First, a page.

BY ROWEN AZIZ, ICDDR,B
An exciting four days of the conference on health systems research ended on February 12th. Nearly 500 participants from many different countries spoke, presented posters and interacted on various topics in health systems research during this time. The various themes focused on at the conference were human resources and health workforce, health finance, service delivery, information and evidence, medical products and technology, and leadership and governance. FHS partners from Makerere University in Uganda, Johns Hopkins University in the USA, the Institute of Development Studies, UK and ICDDR,B, Bangladesh participated in many sessions. Hilary Standing spoke at a service delivery plenary session on ‘Delivering health services in the 21st century: Challenge and innovation’, Shehrin Shaila Mahmood presented on ‘Are village doctors a curse or a blessing?’ and ‘Stake and stakeholders of healthcare provision in Chakaria, Bangladesh’ Elizabeth Ekirapa-Kiracho spoke about ‘Disparities in access to quality healthcare in Uganda’, Mohammad Iqbal talked about the ‘Quality of informal healthcare providers in rural Bangladesh: Implication in the future health system’, Sabrina Rasheed made a presentation on “Assessment of availability of and accessibility to formal healthcare facilities in Chakaria upazila, Bangladesh’, Rumesa Rowen Aziz presented on ‘Local Health Watch: A tool to make the health system accountable to people’, Tania Wahed spoke on ‘Costs associated with use of healthcare services in Chakaria, Bangladesh’ and Shahidul Hoque talked about ‘Performance-based payment to community midwives enhances use of safe motherhood services in Chakaria, Bangladesh’. David Peters spoke at a plenary session on leadership and governance.
A special session on Future Health Systems was held. David Peters began the session with a presentation titled ‘Understanding health market systems’ where he talked about conceptualizing market systems, market performance, the develop-distort dilemma and health market innovations. Abbas Bhuiya presented on ‘Working with the village doctors to make informal health market work better in rural Bangladesh’ where he discussed the role of village doctors, the challenges in changing prescription patterns, and the Shystya Sena branding for creating a network of village doctors. During his talk, he also unveiled a new FHS publication, a book called ‘Health for the rural masses: Insights from Chakaria’, edited by Abbas Bhuiya and written by members of the Bangladesh team. The book discusses the health system in Chakaria, Bangladesh, with particular emphasis on informal healthcare providers who are used most by the rural population for common illnesses. Elizabeth Ekirapa-Kiracho gave a talk titled ‘Making health systems work for the poor- Increasing access to institutional deliveries using demand and supply side incentives’. Her presentation focused on assessing the effectiveness and cost of a voucher system for the poor for increasing deliveries at health facilities in Uganda.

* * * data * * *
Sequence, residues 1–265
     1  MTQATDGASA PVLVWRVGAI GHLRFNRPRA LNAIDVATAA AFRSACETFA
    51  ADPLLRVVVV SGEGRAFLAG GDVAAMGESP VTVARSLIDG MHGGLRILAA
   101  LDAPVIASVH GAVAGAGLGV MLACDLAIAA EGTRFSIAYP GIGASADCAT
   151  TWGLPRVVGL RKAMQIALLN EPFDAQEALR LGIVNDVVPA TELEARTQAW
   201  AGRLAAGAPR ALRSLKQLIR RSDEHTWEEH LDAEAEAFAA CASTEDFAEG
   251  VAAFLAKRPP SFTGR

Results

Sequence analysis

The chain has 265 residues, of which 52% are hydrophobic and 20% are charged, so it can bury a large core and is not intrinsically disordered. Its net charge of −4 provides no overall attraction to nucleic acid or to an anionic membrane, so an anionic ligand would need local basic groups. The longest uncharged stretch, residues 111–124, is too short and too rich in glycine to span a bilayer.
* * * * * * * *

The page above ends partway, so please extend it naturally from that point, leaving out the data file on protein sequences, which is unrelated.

Hilary Standing talked about ‘Health markets- their implications for the poor’. She discussed why markets may be bad for the poor, how markets could help improve access to health care for the poor, and important questions to ask about how a health market affects the poor. Copies of the new FHS book were distributed at the end of the session.
The conference ended on a good note for the Future Health Systems research teams in Bangladesh and Uganda with Shehrin Shaila Mahmood and Elizabeth Ekirapa-Kiracho winning the best oral presentation awards of ASCON XII. There were over a 100 presentations over the three days. This is a wonderful achievement and many congratulations to Elizabeth and Shaila for making this a double success for Future Health Systems!